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A Resource by Mark D. Roberts

The Da Vinci Opportunity, Section 5

How the Popularity of The Da Vinci Code Book
and Movie Can Be Helpful to Christians and Others

by Rev. Dr. Mark D. Roberts

Copyright © 2006 by Mark D. Roberts

Note: You may download this resource at no cost, for personal use or for use in a Christian ministry, as long as you are not publishing it for sale. All I ask is that you give credit where credit is due. For all other uses, please contact me at Thank you.

Table of Contents - Section 1
Part 1 Here It Comes, Ready or Not!
Part 2 But It's Just Fiction!
Part 3 Where I'm Coming From
Part 4 A Threat or An Opportunity?
Part 5 The Opportunities of the Da Vinci Opportunity
Part 6 Opportunity #1: The Antiquity and Reliability of the NT Gospels (Section A)
Part 7 Opportunity #1: The Antiquity and Reliability of the NT Gospels (Section B)
Part 8 Opportunity #1: The Antiquity and Reliability of the NT Gospels (Section C)
Part 9 Opportunity #1: The Antiquity and Reliability of the NT Gospels (Section D)
Part 10 Excursus: What is Gnosticism?

Table of Contents - Section 2
Part 11 Excursus: Why is Gnosticism Popular Today?
Part 12 Excursus: Why is Gnosticism Popular Today? (cont)
Part 13 Excursus: Gnosticism vs. Orthodoxy as a Battle for Truth
Part 14 Opportunity #1: The Antiquity and Reliability of the NT Gospels (Section E)
Part 15 Opportunity #1: The Antiquity and Reliability of the NT Gospels (Section F)
Part 16 Opportunity #1: The Antiquity and Reliability of the NT Gospels (Section G)
Part 17 Opportunity #1: The Antiquity and Reliability of the NT Gospels (Section H)
Part 18 Opportunity #1: The Antiquity and Reliability of the NT Gospels (Section I)
Part 19 Opportunity #2: The Engagingly Human Jesus of the Biblical Gospels (Section A)
Part 20 Opportunity #2: The Engagingly Human Jesus of the Biblical Gospels (Section B)

Table of Contents - Section 3
Part 21 Excursus: The Gospel of Judas - A Special Report
Part 22 Opportunity #2: The Engagingly Human Jesus of the Biblical Gospels (Section C)
Part 23 Opportunity #3: The Inclusiveness of Orthodox Christianity (Section A)
Part 24 Opportunity #3: The Inclusiveness of Orthodox Christianity (Section B)
Part 25 Opportunity #4:
The Empowerment of Women in Orthodox Christianity (Section A)
Part 26 Excursus: Was Jesus Married? (Section A)
Part 27 Excursus: Was Jesus Married? (Section B)
Part 28 Excursus: Was Jesus Married? (Section C)
Part 29 Excursus: Was Jesus Married? (Section D)
Part 30 Excursus: Why Didn't Jesus Get Married?

Table of Contents - Section 4
Part 31 Opportunity #4:
The Empowerment of Women in Orthodox Christianity (Section B)
Part 32 Opportunity #5:
How the New Testament Gospels Made It Into the Bible (Section A)
Part 33 Opportunity #5:
How the New Testament Gospels Made It Into the Bible (Section B)
Part 34 Opportunity #5:
How the New Testament Gospels Made It Into the Bible (Section C)
Part 35 Opportunity #5:
How the New Testament Gospels Made It Into the Bible (Section D)
Part 36 Excursus: Did Constantine Throw Santa Claus in Jail?
Part 37 Excursus: The Da Vinci Movie Review Puzzle
Part 38 Excursus: The Da Vinci Movie Review Puzzle Solved
Part 39 Excursus: My Da Vinci Movie Review, Part 2
Part 40 Note: Part 40 can be found in The Da Vinci Opportunity, Section 5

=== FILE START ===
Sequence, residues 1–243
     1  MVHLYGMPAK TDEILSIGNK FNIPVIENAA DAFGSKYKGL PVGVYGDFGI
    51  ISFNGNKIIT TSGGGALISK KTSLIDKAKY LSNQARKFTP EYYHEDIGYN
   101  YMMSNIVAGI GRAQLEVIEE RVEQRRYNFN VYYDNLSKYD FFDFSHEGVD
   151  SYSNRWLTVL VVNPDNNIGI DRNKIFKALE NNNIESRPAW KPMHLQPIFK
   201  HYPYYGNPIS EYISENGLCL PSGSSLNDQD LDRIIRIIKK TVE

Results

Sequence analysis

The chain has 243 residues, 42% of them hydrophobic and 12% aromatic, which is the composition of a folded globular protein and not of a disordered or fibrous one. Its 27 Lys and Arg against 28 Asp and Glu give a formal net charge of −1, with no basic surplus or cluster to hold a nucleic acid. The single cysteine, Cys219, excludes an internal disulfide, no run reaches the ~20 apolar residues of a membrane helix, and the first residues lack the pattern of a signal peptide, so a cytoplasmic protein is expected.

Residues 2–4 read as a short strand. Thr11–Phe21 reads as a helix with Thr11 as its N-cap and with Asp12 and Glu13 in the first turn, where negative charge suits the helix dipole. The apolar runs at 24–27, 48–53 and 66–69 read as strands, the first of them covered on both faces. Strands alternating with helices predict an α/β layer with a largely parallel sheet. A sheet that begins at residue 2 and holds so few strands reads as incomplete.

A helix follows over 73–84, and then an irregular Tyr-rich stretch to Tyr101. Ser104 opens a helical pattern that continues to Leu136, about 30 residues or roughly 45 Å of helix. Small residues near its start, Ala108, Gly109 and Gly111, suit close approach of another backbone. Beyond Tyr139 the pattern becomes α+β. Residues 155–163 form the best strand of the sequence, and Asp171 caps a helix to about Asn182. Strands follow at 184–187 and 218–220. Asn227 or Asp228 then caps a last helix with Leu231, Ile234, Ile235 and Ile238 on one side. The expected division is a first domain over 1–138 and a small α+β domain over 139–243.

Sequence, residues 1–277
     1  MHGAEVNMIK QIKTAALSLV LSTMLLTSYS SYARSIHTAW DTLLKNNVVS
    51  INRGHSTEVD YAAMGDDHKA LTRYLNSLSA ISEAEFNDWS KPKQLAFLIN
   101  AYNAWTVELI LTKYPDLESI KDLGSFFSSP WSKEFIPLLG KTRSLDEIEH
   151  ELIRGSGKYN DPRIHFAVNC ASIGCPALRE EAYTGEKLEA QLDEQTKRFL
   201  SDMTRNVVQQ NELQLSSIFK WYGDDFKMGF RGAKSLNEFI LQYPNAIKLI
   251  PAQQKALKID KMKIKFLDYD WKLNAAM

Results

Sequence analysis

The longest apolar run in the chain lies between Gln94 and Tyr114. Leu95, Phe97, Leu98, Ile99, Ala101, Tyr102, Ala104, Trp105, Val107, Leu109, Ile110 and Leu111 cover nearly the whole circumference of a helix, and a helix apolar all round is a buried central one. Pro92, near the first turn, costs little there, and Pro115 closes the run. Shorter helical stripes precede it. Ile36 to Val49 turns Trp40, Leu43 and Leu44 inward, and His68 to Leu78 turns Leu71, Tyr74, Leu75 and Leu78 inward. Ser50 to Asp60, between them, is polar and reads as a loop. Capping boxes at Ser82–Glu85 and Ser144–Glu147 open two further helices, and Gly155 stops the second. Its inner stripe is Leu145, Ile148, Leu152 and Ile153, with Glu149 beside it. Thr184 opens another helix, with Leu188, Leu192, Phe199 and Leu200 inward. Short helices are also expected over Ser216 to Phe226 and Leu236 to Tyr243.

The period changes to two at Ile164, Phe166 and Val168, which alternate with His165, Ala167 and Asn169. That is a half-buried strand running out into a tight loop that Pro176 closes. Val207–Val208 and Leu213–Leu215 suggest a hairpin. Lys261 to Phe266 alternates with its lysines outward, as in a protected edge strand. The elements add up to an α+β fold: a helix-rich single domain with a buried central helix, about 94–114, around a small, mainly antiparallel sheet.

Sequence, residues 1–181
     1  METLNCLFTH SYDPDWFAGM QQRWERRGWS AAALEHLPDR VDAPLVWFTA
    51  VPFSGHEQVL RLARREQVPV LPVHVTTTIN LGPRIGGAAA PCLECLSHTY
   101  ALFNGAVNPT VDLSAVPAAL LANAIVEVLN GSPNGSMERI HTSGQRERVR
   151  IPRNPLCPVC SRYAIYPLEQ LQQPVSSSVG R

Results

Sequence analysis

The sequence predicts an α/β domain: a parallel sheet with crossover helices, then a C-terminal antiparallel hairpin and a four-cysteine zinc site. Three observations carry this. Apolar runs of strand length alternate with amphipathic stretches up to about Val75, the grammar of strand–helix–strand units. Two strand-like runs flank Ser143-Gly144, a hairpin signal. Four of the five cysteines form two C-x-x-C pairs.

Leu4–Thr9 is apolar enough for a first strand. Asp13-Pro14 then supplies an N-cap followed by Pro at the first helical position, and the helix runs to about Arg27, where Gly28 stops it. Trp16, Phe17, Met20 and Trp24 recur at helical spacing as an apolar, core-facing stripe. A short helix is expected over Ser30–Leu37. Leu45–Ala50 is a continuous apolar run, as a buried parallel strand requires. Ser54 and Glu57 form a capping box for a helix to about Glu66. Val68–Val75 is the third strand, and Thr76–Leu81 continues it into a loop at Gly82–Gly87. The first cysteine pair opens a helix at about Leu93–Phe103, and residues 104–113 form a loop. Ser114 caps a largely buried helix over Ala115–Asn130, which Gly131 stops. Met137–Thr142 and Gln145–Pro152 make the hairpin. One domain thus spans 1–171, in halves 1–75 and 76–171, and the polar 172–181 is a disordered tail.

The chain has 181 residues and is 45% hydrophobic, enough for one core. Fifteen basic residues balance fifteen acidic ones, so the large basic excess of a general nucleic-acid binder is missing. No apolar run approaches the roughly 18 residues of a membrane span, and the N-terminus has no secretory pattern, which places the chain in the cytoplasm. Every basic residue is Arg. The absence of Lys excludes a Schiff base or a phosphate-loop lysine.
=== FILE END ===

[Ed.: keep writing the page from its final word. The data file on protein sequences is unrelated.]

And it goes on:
Table of Contents - Section 5
Part 40 Excursus: Newsweek on "The Mystery of Mary Magadalene" (Section A)
Part 41 Excursus: Newsweek on "The Mystery of Mary Magadalene" (Section B)
Part 42 Excursus: Newsweek on "The Mystery of Mary Magadalene" (Section C)
Part 43 Excursus: The Curious Anti-Catholic Perspective of The Da Vinci Code (Section A)
Part 44 Excursus: The Curious Anti-Catholic Perspective of The Da Vinci Code (Section B)
Part 45 Opportunity #6: The Antiquity of Christian Belief in the Divinity of Jesus (Sect A)
Part 46 Opportunity #6: The Antiquity of Christian Belief in the Divinity of Jesus (Sect B)
Part 47 Opportunity #6: The Antiquity of Christian Belief in the Divinity of Jesus (Sect C)
Part 48 Opportunity #7: The Compelling Christian "Story" (Section A)
Part 49 Opportunity #7: The Compelling Christian "Story" (Section B)
Part 50 Opportunity #7: The Compelling Christian "Story" (Section C)
Part 51 Postscript: Faith and Truth
Part 52 Postscript: Did Christianity Pilfer from Paganism? (Section A)

Excursus: Newsweek on "The Mystery of Mary Magdalene" (Section A)
Part 40 of series: The Da Vinci Opportunity
Posted for Thursday, May 25, 2006

Catapulted forward by The Da Vinci Code juggernaut, Newsweek's cover story this week focuses on "The Mystery of Mary Magdalene." My first response in seeing this cover was mixed. For obvious reasons, I'm in favor of more attention being given in the press to biblical themes and persons. Yet recent history has shown that mainstream media reporting on such things is not always balanced or accurate. Writers often are unduly influenced by revisionist historians who have an axe to grind against orthodox Christianity. Or writers exaggerate in order to find a story where there is none, or where the truth is less spectacular than would merit a magazine cover.

Jonathan Darman reflects both of these tendencies – undue influence and exaggeration -- though not to such an extent that his article is substantially untrue or harmful to faith. In fact, Darman's piece contains more truth than empty conjecture, and his picture of Mary Magdalene throughout history has much to offer. Yet, as I would expect, there are problems along the way. In what follows I will quote from the Newsweek piece, and then offer my commentary.